Building stronger communities that can survive, adapt, and thrive throughout challenging times should be our focus through this recovery as we collaborate with our residents, businesses, and non-profit partners to shape a stronger and more resilient Austin.

This resolution is just the first step; we’ll have an opportunity to enhance or amend this proposal when the City Manager returns with options in June for how to implement a comprehensive community resilience plan. And in this uncertain financial time, we need to be flexible and innovative in our partnerships and funding opportunities. But always, we are committed to building stronger, resilient communities.

We look forward to the discussion.

Council Member Leslie Pool
Mayor Steve Adler
Council Member Alison Alter
Council Member Natasha Harper-Madison
Council Member Kathie Tovo
Policy Advisor
Office of Leslie Pool, Council Member District 7

Delia Garza
Posts: 52
Joined: Thu Jan 15, 2015 9:20 am

Re: Community Resilience Initiative – Item 22

Post by Delia Garza » Wed May 06, 2020 3:44 pm

First, thank you to all who have worked on this item. I am offering the following amendments and I hope they would be considered friendly. I appreciated the discussion yesterday pointing out the work our staff has already done and how there is a need and desire to emphasize equity in this broader approach to a resilience plan. Most of my amendments are simply emphasizing that focus of equity which seems to align perfectly with the intent in the resolution. In addition, since our work session yesterday, I was able to do a little research on some of the what led to the end of the 100 Resilient Cities program and subsequent name change, including the risks of relying on private dollars to create public policies, out of control spending, and differences of opinion on what exactly plans should focus on to be effective. There are some great takeaways on how cities can learn from some of the missteps of that program, so some of my additions address thinking of how we implement a resilient and effective Resilience Plan.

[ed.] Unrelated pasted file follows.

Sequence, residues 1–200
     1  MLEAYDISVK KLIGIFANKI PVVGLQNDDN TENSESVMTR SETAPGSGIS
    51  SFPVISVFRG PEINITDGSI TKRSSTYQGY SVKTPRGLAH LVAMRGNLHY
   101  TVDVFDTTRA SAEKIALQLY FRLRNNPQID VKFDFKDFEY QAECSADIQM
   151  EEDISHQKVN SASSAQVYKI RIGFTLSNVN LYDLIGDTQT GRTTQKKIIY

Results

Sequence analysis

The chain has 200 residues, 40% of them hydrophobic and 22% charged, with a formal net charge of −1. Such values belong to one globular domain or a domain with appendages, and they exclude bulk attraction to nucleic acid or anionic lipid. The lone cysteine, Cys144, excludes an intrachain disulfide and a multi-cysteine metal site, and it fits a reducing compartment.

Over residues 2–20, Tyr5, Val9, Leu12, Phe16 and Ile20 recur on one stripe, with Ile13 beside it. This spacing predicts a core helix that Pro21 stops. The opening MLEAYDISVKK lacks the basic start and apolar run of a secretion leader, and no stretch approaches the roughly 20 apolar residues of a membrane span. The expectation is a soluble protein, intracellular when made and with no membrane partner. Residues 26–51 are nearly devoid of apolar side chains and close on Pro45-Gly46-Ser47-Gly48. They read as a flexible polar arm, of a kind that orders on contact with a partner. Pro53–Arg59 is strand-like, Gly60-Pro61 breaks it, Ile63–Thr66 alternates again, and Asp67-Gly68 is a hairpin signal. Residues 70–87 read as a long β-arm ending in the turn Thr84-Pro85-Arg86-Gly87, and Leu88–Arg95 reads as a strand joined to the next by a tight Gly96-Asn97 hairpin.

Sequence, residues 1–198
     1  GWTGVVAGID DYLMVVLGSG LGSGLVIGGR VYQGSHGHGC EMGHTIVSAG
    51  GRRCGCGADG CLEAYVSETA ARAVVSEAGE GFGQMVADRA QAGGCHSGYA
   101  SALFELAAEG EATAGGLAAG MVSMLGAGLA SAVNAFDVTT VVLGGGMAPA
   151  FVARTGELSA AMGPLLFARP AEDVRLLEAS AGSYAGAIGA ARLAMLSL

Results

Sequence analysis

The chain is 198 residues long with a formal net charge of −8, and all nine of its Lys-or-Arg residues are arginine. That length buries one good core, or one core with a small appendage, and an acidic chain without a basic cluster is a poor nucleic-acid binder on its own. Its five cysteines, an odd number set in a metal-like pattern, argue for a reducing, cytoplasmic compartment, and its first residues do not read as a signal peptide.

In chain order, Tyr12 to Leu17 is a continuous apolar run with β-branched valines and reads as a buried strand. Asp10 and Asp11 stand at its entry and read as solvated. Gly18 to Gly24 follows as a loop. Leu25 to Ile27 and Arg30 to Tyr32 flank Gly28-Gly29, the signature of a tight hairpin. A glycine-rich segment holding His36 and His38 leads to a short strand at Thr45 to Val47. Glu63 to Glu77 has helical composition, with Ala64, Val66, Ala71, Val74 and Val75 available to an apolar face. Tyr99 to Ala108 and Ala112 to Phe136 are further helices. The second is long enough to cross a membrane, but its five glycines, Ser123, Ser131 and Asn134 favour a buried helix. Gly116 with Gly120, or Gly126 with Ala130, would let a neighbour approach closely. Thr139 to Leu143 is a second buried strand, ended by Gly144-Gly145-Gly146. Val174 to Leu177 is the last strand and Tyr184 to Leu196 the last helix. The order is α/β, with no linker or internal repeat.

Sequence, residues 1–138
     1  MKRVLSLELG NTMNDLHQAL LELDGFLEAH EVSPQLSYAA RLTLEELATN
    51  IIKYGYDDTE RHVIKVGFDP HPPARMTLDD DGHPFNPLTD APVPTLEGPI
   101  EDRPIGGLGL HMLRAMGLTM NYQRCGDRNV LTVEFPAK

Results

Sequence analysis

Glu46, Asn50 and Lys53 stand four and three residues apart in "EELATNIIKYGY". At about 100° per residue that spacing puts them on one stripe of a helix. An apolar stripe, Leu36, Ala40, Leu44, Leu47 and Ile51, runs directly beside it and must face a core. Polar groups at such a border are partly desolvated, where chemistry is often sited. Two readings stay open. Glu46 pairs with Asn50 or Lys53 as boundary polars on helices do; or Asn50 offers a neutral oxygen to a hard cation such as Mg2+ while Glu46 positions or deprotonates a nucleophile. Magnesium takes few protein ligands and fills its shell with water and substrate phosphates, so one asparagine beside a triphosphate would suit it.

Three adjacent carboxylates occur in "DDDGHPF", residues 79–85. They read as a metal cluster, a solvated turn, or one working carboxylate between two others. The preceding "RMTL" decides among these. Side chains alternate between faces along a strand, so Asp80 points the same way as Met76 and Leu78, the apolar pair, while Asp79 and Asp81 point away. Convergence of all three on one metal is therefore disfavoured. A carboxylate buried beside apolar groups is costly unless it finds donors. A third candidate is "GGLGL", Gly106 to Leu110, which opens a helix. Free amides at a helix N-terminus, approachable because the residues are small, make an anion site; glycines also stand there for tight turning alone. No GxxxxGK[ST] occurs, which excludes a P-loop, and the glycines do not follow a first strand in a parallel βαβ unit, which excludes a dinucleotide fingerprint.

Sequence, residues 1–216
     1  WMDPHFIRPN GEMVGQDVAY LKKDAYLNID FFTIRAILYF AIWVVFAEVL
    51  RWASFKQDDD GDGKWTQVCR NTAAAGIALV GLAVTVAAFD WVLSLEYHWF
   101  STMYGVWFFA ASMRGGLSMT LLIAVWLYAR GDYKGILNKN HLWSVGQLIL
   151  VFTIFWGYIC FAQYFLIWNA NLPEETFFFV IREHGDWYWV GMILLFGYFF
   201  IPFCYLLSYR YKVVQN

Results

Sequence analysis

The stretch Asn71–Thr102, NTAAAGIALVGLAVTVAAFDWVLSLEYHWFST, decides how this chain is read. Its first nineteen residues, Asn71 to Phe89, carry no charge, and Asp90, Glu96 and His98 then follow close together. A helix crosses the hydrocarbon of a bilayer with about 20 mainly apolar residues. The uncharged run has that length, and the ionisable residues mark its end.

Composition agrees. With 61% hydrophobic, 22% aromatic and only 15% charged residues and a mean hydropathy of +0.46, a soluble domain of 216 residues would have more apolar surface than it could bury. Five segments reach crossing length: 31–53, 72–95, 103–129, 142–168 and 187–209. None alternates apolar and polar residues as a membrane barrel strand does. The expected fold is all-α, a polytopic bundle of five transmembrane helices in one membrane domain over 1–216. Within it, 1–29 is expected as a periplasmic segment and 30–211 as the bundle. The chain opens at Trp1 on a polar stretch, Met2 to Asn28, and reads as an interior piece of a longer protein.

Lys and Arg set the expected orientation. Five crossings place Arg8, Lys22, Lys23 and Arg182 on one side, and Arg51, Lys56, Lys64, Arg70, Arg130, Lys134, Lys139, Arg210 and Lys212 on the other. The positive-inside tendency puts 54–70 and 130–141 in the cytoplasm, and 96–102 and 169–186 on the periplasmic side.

I look forward to discussion tomorrow. Below is the link to the amendments and we have also asked staff to include the amendments in the backup. ... 151747.pdf

All my best,

Delia Garza
Mayor Pro Tem, District 2

Jimmy Flannigan
Posts: 85
Joined: Thu Jan 12, 2017 8:44 am

Re: Community Resilience Initiative – Item 22

Post by Jimmy Flannigan » Wed May 06, 2020 4:49 pm ... 164551.pdf

Here are a few amendments of my own related to this item, including sustainable development and regionalism as parts of resilience.